[1] In that regard I’d love to prove wrong Michael Catanzaro’s opinion about using GJS: “there’s no way to change the reality that JavaScript is a terrible language. It has close to zero redeeming features, and many confusing ones.” There is a way! In my opinion ES6 and ES7 have gone a long way towards filling in those potholes. To name just a few, arrow functions mean you can almost always stop caring about the pitfall of what this refers to, and the prospect of doing asynchronous I/O with Promises instead of callbacks actually makes me want to use JS. Of course, in-browser JS is still a terrible language because it has to support the lowest common denominator of Javascripts so that people who haven’t upgraded their browser since Internet Explorer 8 can still visit your website, and that’s why modern web developers preprocess and transpile it to high heaven. But we don’t have to care about all those browser users!

Javascript news from GNOME 3.24

Welcome back to the latest news on GJS, the Javascript engine that powers GNOME Shell, Endless OS, Polari, GNOME Documents, and many other apps.

GNOME 3.24 has been released for about three weeks now, and with it went GJS 1.48.0. Here’s what’s new!

Javascript upgrade!

First of all, we have a more modern Javascript engine. GJS is based on Mozilla’s SpiderMonkey, the same Javascript engine that runs in the Firefox browser. Back in GNOME 3.22, GJS was based on version 24, which was released in September 2013. Now we’ve moved to version 38, which although still old, was released almost two years later in May 2015.

(The number of each SpiderMonkey release increases by 7 each time, because they make a standalone SpiderMonkey release for each Extended Support Release of Firefox, which is one out of every 7. That’s why you might also hear them referred to as “ESR 38”, etc.)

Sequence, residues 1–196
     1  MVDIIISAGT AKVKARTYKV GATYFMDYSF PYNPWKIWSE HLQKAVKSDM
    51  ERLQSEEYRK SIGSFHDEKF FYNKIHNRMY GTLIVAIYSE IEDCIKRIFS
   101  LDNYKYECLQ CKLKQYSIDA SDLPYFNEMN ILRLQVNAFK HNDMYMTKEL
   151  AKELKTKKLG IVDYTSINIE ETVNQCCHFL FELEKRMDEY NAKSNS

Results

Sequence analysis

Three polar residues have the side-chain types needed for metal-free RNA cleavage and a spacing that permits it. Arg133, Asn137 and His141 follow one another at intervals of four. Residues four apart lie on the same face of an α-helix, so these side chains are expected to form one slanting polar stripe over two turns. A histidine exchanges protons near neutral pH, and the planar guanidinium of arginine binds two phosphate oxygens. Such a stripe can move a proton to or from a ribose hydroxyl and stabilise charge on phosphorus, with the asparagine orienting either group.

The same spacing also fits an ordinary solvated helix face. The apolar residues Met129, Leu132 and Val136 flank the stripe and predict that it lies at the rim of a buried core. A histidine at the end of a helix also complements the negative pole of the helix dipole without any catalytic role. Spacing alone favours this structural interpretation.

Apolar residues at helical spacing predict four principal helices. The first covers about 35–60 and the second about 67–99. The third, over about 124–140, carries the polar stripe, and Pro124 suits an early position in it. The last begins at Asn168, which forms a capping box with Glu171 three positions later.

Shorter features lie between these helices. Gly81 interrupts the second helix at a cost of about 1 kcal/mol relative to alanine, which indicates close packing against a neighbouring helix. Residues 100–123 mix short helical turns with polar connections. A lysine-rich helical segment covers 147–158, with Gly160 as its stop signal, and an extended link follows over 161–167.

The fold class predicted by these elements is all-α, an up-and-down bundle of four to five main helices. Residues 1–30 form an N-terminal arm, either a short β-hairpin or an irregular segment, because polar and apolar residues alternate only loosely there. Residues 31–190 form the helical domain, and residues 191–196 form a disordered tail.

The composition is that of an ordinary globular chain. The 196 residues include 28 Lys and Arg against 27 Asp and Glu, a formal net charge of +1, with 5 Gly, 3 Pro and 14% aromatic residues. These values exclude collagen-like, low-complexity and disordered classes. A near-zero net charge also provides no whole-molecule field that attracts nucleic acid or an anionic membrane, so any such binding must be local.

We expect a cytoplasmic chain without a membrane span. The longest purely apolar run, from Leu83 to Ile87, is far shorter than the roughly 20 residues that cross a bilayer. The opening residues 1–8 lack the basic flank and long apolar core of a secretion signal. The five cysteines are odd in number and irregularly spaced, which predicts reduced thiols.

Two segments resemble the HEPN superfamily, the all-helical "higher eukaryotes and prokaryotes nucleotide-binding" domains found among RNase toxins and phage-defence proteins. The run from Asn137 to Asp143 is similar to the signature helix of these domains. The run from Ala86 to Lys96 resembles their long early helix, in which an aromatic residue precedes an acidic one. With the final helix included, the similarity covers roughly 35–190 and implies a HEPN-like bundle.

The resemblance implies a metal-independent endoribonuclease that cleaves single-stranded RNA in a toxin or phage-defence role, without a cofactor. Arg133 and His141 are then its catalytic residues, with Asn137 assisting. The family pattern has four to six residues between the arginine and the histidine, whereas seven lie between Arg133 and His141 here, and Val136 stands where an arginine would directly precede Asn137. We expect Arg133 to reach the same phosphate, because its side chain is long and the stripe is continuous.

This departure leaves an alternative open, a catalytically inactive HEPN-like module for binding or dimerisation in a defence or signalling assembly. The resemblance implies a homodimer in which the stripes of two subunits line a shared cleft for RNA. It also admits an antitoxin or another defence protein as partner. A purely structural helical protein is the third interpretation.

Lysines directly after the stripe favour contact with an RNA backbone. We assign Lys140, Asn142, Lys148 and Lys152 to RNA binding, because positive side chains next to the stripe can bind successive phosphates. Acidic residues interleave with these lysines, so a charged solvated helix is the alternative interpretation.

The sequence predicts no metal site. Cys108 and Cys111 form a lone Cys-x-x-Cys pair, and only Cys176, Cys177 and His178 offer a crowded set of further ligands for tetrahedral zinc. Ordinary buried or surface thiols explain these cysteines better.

This brings a lot of new Javascript language features with it. Here are some of the ones I’m most excited about.

Promises

Promises allow you to do asynchronous operations (like reading files, or waiting, or fetching things from the network) in a much more intuitive way. With Promises, the code reads from top to bottom as if it were synchronous, instead of from nested level to nested level (often called “callback hell“.)

Here’s an example, a Promises version of examples/gio-cat.js that’s included in GJS’s source distribution:

This is much longer than the original program, but only the lower part of the program is actually the equivalent of the old callback-based code. The top part would ideally be provided by GJS itself. I’m still figuring out what is the best API for wrapPromise but it’s definitely a candidate for including in a future version of GJS.

This code calls loadContents, prints the contents, and exits the main loop. If an exception is thrown anywhere in the chain before .catch, then the function provided to the catch call will log the error message. In any case, no matter whether the operation succeeded or not, the last then call will make sure the main loop exits.

Template literals

Template literals will change your life if you work with text in your GJS program. They are regular strings in backticks, with interpolation. Say goodbye to this:

const Format = imports.format;
String.prototype.format = Format.format;
log("%s, %s!".format(greeting, name));

Also say goodbye to this:

log(greeting + ", " + name + "!");

Instead, from now on you’ll do this:

log(`${greeting}, ${name}!`);

It’s a lot more readable and intuitive.

Template literals can also cover more than one line, and they do real interpolation of expressions too, not just variable names:

const CSS = `
label {
    font-size: ${fontdesc.get_size()};
}`;

You can also “tag” templates which is out of scope of this blog post, but there is one built-in tag which serves the same purpose as r'' string literals do in Python:

String.raw`I'm writing some \LaTeX\ code here
and I \textbf{don't} want to deal with escaping it:
\[ E = mc^2 \]`

Generators

Generators are a great addition to the Javascript toolbox. They were actually already available in GJS, but only in Mozilla’s nonstandard extension form. They are introduced with the function* keyword instead of function, and they work a lot like Python’s generators. Here’s an example, implementing the xrange() function similar to the one in Python using a generator:

function* xrange(limit) {
    for(let count = 0; count < limit; count++)
        yield count;
}

The yield statement returns control back to the caller, while preserving the state of the generator until the next call. You can get all the values one by one, calling a generator’s next() method, but for...of loops will also deal with generators:

for (let ix of xrange(5))
    print(`Counting from 0 to 4: ${ix}`);

If you want to empty a generator into an array, you can also use the spread operator: [...xrange(5)] will give you an array of numbers from 0 to 4.

Here’s a more complicated example showing the yield* statement which allows you to compose more than one generator: